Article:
Additionally, Ch. 12B-1.202(5)(A)(1), states:
"For one to make a certain parcel of land his permanent home he must reside thereon with a present intention of living there indefinitely, and with no present intention of moving therefrom." (Emphasis supplied.)
It thus appears that the requirement of permanent residency resolves into an inquiry as to actual physical residence on the property and the present intention of the owner to reside there indefinitely. Cf. Lanier v. Lanier, 116 So. 867 (Fla. 1928).
Since the critical issue is the intention of the owner, the character of the residential structure itself cannot be considered dispositive, although it may be considered as a factor in evaluating the owner's intention. This point is well explained in the opinions of my predecessors in office. In AGO 065-55, it was stated:
". . . The "permanent home" may be a splendid mansion, an ordinary residence, a cottage, a one room cabin, a hovel, a cave, a dugout in the earth or other place of actual residence. . . . [T]he particular kind of dwelling house is not material, but the premises must actually be used as a permanent home. . . ."
And, in AGO 057-327 it was said:
". . . The fact that the homestead claimant is residing in a trailer or other type of residence subject to almost immediate movement to another state or county does not disprove his intention to make the real property upon which located his permanent home, although it should be taken into consideration with all other facts and circumstances. . . ."
Although both of these opinions address the meaning of the permanent home requirement of former Art. X, s. 7, State Const. of 1885, they are of continuing vitality as to the "permanent residence" requirement now contained in Art. VII, s. 6 of the 1968 Florida Constitution. If anything, the term "residence" focuses concern more particularly on the intentions of the homestead claimant than does the term "home." Compare, 11 Fla.Jur. Domicil and Residence s. 2, with 11 Fla.Jur. Domicil and Residence s. 6. Therefore, the mere fact that the homestead claimant's residential structure is of an impermanent or movable nature does not, standing alone, disqualify the homestead claim.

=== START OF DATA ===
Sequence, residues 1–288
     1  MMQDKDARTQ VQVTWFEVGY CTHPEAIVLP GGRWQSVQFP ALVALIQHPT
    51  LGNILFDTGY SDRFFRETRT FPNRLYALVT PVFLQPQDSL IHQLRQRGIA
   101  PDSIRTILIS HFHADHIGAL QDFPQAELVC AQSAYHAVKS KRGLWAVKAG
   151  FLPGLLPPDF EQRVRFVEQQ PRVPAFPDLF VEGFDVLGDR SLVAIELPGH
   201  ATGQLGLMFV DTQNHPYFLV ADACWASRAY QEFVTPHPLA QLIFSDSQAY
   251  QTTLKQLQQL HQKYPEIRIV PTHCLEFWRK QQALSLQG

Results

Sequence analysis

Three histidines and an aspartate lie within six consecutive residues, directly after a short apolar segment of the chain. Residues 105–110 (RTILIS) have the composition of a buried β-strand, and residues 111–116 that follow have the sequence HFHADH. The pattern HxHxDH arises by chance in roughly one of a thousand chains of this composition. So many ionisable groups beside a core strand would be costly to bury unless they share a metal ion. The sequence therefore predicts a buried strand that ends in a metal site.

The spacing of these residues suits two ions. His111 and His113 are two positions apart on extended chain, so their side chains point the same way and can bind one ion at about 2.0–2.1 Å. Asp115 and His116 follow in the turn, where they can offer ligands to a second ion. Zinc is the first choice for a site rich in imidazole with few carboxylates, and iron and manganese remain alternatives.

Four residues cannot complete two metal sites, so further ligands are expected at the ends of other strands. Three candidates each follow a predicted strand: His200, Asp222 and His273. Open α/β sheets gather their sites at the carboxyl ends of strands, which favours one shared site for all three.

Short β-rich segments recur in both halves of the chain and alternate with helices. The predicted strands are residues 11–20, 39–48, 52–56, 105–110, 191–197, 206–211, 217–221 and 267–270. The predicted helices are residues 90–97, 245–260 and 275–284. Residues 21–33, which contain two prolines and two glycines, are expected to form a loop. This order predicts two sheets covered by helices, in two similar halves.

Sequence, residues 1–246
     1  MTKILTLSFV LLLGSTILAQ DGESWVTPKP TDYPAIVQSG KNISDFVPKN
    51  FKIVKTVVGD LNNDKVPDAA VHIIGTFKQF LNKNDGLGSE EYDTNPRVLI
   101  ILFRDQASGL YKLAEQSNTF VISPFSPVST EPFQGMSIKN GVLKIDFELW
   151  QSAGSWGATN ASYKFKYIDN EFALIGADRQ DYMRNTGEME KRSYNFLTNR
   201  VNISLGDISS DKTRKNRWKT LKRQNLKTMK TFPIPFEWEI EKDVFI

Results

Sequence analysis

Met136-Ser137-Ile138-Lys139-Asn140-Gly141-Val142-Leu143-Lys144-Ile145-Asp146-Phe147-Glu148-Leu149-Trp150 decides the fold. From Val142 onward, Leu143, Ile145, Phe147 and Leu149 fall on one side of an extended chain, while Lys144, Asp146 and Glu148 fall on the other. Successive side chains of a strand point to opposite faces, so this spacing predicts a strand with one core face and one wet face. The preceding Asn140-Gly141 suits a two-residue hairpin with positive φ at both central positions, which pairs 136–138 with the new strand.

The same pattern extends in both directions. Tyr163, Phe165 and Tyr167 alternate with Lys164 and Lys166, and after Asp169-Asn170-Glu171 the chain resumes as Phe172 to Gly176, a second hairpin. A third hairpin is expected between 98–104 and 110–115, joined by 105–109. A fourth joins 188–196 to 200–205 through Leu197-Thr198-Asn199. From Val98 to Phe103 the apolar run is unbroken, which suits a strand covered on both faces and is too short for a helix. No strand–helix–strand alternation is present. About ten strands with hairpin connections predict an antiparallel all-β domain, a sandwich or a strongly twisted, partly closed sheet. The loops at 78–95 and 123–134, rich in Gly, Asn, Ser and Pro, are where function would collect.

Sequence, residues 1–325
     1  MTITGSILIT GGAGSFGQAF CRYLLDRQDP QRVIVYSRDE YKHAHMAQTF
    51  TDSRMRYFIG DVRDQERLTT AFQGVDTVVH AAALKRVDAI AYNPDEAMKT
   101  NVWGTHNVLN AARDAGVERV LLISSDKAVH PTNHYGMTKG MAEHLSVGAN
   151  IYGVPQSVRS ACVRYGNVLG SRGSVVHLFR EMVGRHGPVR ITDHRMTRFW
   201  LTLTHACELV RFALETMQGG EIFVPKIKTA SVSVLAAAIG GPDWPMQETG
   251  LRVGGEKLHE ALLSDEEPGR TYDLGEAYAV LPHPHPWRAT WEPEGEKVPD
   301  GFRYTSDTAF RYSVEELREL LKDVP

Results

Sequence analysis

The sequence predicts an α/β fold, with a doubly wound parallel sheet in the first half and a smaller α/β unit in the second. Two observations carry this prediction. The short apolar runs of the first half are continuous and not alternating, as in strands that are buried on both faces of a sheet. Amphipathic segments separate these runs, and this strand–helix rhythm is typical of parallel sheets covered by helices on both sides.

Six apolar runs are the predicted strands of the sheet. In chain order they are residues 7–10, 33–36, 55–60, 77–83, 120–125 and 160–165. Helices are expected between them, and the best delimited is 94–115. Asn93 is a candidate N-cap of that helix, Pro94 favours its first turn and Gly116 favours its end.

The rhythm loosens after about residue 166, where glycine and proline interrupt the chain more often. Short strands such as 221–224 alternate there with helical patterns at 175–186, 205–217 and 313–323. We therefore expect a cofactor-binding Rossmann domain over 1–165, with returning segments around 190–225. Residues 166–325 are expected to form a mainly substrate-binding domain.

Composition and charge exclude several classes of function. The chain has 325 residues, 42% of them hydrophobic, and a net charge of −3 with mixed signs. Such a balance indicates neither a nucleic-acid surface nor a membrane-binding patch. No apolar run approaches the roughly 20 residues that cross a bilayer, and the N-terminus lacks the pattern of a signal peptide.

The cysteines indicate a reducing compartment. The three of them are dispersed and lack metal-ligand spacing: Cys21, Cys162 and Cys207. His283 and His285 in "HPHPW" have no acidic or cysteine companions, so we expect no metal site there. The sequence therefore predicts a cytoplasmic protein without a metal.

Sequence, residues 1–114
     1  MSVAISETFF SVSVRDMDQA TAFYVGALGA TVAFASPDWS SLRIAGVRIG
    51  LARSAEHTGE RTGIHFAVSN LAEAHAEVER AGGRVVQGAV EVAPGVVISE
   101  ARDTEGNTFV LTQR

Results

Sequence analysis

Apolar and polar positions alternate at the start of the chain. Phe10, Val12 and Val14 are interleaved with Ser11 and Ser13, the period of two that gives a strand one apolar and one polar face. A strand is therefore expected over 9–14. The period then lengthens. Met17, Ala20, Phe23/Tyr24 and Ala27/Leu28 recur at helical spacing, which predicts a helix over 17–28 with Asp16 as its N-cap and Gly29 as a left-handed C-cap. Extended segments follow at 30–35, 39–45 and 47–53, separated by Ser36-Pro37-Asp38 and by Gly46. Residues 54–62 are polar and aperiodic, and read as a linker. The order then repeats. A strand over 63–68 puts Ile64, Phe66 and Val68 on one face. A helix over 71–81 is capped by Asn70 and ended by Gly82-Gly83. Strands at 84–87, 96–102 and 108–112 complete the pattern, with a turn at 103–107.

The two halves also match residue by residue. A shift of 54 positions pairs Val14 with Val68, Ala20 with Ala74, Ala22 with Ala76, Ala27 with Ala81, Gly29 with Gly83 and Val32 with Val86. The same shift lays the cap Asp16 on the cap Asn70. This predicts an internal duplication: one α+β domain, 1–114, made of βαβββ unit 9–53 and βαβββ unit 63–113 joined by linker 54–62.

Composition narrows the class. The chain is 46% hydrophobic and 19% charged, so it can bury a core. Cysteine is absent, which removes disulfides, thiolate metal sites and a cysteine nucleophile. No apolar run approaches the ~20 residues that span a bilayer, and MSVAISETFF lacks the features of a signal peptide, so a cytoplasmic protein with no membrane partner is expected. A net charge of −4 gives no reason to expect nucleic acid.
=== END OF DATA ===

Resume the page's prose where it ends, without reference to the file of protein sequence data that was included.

Nor in my opinion does the restrictive covenant contained in the articles of condominium necessarily disqualify the parcel owner from receiving homestead exemption. The homestead claimant's intention to permanently reside on the property must be determined from the totality of facts and circumstances, and not necessarily by reliance solely upon the representations of the parties. Attorney General Opinion 057-327,supra.
In sum, despite the impermanency of the structure in which the parcel owner lives and notwithstanding his covenant not to erect a permanent or semipermanent structure, the parcel owner may still qualify for homestead exemption if the totality of facts and circumstances shows that the owner has legal or equitable title to the parcel, that he actually resides thereon, and that he has a present intention of residing thereon indefinitely. Of course, it is for the tax assessor in the first instance to determine the intention of the parcel owner and in so doing to evaluate such facts as structural permanency and the restrictive covenant of concern here. See AGO 057-327, supra. However, it would be improper to base a denial of homestead exemption solely on such a covenant or upon the potential mobility of the housing structure without regard to the totality of the circumstances.